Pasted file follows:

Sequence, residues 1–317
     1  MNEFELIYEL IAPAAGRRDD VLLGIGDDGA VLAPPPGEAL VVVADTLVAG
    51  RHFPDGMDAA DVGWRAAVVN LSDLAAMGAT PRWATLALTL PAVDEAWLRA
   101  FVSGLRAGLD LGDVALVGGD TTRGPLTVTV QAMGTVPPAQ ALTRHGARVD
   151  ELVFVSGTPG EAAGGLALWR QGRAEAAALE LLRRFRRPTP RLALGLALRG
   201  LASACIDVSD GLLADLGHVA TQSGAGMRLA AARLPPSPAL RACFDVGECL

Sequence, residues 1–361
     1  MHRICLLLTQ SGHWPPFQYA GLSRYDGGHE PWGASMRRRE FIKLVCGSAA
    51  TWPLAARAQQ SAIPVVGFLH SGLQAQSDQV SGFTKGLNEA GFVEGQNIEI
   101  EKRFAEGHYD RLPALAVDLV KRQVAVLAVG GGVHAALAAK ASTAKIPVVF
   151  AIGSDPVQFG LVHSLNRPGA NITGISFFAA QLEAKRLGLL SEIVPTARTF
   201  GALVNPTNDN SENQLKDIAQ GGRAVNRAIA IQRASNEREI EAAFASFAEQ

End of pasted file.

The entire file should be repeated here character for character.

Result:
Sequence, residues 1–317
     1  MNEFELIYEL IAPAAGRRDD VLLGIGDDGA VLAPPPGEAL VVVADTLVAG
    51  RHFPDGMDAA DVGWRAAVVN LSDLAAMGAT PRWATLALTL PAVDEAWLRA
   101  FVSGLRAGLD LGDVALVGGD TTRGPLTVTV QAMGTVPPAQ ALTRHGARVD
   151  ELVFVSGTPG EAAGGLALWR QGRAEAAALE LLRRFRRPTP RLALGLALRG
   201  LASACIDVSD GLLADLGHVA TQSGAGMRLA AARLPPSPAL RACFDVGECL

Sequence, residues 1–361
     1  MHRICLLLTQ SGHWPPFQYA GLSRYDGGHE PWGASMRRRE FIKLVCGSAA
    51  TWPLAARAQQ SAIPVVGFLH SGLQAQSDQV SGFTKGLNEA GFVEGQNIEI
   101  EKRFAEGHYD RLPALAVDLV KRQVAVLAVG GGVHAALAAK ASTAKIPVVF
   151  AIGSDPVQFG LVHSLNRPGA NITGISFFAA QLEAKRLGLL SEIVPTARTF
   201  GALVNPTNDN SENQLKDIAQ GGRAVNRAIA IQRASNEREI EAAFASFAEQ